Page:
If you hang out in any kind of community where software development and web designer discussed, you’ve undoubtedly heard the concept of responsive design brought up many times in recent years. This probably brings all manner of confusing images to mind, especially to the uninitiated. Doesn’t any website have some sort of responsive nature? When you click a link, it takes you somewhere. When you scroll the page, it scrolls.
So, maybe it means websites with reactive elements such as complex menus, interactive elements, etc. When I click that image, it reacts! When I cover my mouse cursor over that element, a menu or pop-up appears.
Well, the latter can very much be a part of responsive web design, but this name is a bit counterintuitive. When discussing responsiveness, it’s not responsive to the user, but rather the device that determines things. See, this wasn’t an issue not that long ago. Sure, you had to do a little bit of HTML magic to make sure that all browser resolutions and screen sizes cooperated well with your layout, but this became pretty easy to do pretty early on.
The real problem is smart devices like tablets, e-book readers, and smartphones. See, before around 2007, Internet smart pocket devices were not that common. Sure, some people had PDAs with a decent web browser, other people had early smartphones or less than popular handheld gaming devices with some level of web functionality. Honestly, the Internet experience on these devices was either a lot of squinting, a lot of magnifying, where a very limited, mostly text version of a given webpage.
Smartphones changed everything. Suddenly, these handheld devices were fully functioning computers, albeit with a slightly different approach to overall UX. People expected a comfortable Internet browsing experience that wasn’t hampered by the smallish nature of their device. People instantly became addicted to these things, and when they weren’t at their computers, they were staring at their phones. This hasn’t changed, and it’s not going to change anytime soon.
What does this mean? It means that any website design nowadays really has to comply with these devices. Simply expecting people to magnify or squint is unacceptable.
Hence responsive design. Responsive design takes advantage of some new features common to HTML that allow for dynamic layouts that can change based on the size of a screen, the identity of a browser, or a change in the orientation of the screen in the case of tablets and smartphones.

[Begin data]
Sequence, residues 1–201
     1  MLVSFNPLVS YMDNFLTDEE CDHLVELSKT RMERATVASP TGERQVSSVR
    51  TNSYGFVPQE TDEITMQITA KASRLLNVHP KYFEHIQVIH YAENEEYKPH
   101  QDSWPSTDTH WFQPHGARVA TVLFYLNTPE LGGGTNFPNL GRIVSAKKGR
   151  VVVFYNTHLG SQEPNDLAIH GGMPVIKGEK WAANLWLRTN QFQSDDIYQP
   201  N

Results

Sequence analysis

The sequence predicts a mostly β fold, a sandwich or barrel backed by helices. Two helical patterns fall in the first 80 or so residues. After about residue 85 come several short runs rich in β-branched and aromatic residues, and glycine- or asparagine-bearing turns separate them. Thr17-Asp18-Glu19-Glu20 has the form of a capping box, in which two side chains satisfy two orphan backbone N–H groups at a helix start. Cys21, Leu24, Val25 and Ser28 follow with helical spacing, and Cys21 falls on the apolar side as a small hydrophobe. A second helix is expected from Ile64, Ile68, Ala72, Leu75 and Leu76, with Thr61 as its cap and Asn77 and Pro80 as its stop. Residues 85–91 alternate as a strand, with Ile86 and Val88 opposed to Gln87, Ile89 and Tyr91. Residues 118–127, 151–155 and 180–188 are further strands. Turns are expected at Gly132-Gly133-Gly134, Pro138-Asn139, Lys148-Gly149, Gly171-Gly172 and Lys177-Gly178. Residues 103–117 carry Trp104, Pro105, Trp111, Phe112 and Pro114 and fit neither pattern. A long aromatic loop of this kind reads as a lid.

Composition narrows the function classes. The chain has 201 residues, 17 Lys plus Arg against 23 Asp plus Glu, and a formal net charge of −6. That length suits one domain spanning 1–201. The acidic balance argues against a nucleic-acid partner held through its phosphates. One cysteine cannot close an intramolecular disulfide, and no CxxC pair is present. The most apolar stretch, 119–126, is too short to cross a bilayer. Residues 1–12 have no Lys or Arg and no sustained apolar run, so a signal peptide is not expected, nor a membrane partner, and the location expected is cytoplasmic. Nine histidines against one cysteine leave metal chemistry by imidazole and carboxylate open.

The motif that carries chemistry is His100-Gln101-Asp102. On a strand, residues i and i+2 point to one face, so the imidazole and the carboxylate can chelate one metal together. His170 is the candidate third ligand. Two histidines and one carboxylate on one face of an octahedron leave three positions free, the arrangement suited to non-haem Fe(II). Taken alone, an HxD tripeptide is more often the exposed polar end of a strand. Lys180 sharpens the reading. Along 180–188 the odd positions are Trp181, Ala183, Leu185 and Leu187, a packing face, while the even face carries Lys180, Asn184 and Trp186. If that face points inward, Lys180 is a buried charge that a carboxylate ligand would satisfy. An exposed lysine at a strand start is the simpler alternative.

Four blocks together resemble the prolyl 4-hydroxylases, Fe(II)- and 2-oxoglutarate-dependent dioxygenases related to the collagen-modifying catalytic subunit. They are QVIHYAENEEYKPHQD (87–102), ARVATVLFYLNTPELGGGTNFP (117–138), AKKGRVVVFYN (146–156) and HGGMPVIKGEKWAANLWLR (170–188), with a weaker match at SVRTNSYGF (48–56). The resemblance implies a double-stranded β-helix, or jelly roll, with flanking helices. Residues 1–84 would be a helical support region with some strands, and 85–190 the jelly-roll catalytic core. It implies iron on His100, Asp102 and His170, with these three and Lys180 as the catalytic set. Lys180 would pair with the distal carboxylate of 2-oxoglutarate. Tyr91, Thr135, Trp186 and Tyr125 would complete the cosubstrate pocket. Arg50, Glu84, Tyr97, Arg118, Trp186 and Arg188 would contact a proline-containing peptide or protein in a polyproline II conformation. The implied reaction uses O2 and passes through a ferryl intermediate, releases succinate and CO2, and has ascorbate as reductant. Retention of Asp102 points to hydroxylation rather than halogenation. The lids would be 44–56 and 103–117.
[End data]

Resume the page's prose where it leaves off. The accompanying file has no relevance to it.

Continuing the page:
This results in scalability in a lot of ways. One of the biggest things with responsive design is called filament grouping. This group’s various elements together in ways that they scale and orient in specific, specified ways depending on screen layout. This can result in compacting hatters, shifting things over to the right or left, or even compacting them into a little widget that can be pressed to expand, depending upon the browser and device.
Similarly, things can shrinker grow to fill space and shift between various grids specified for different device cases. And a lot of popular web design frameworks available nowadays use this type of dynamic, multichoice grid to achieve this in a relatively painless fashion. We see the result of clever implementations of this with websites like YouTube, Google and the like that have a distinctly different way of organizing the same information, with the same basic visual theme on a mobile device versus the desktop.
Another big aspect of responsive design involves image scaling. Rather than simply shrinking an image up or down, various percentages and ranges can be specified for an image to scale it depending on the device. This goes hand-in-hand with filament grouping, optimizing scale, and only resizing where necessary.
Another way to accommodate image scaling through responsive design is to avoid what the iPhone has a bad habit of doing, where it simply shrinks everything down uniformly. Better responsive design results in an image only being shrunk when necessary, or to a minimal level, while offsetting related text to fill the space below and a more vertical orientation. This sounds like it would look rather bad, but most modern mobile browsers optimize this responsive design approach to create a rather visually stunning result.
Basically, responsive design is a way to implement flexible web design practices that allow a website to shift, scale, and reconfigure based on specific or intelligent conditions to best present its information in a comfortable way on various devices and screen sizes. To learn how this works, see some examples of how it’s implemented, and get more in-depth on the various approaches and mechanics behind this, fill out our contact form below.